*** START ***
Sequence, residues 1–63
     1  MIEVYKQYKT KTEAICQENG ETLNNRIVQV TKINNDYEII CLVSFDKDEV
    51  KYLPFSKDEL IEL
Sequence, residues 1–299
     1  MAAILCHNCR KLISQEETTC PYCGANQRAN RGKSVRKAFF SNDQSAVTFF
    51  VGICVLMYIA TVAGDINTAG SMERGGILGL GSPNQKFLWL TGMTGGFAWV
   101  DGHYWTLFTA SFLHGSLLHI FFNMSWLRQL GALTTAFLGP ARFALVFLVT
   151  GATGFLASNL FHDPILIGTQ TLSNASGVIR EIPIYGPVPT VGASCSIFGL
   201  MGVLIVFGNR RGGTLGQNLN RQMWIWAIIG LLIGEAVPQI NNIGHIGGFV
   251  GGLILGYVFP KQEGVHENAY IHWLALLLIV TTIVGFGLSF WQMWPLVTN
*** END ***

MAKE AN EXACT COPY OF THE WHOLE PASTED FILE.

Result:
Sequence, residues 1–63
     1  MIEVYKQYKT KTEAICQENG ETLNNRIVQV TKINNDYEII CLVSFDKDEV
    51  KYLPFSKDEL IEL
Sequence, residues 1–299
     1  MAAILCHNCR KLISQEETTC PYCGANQRAN RGKSVRKAFF SNDQSAVTFF
    51  VGICVLMYIA TVAGDINTAG SMERGGILGL GSPNQKFLWL TGMTGGFAWV
   101  DGHYWTLFTA SFLHGSLLHI FFNMSWLRQL GALTTAFLGP ARFALVFLVT
   151  GATGFLASNL FHDPILIGTQ TLSNASGVIR EIPIYGPVPT VGASCSIFGL
   201  MGVLIVFGNR RGGTLGQNLN RQMWIWAIIG LLIGEAVPQI NNIGHIGGFV
   251  GGLILGYVFP KQEGVHENAY IHWLALLLIV TTIVGFGLSF WQMWPLVTN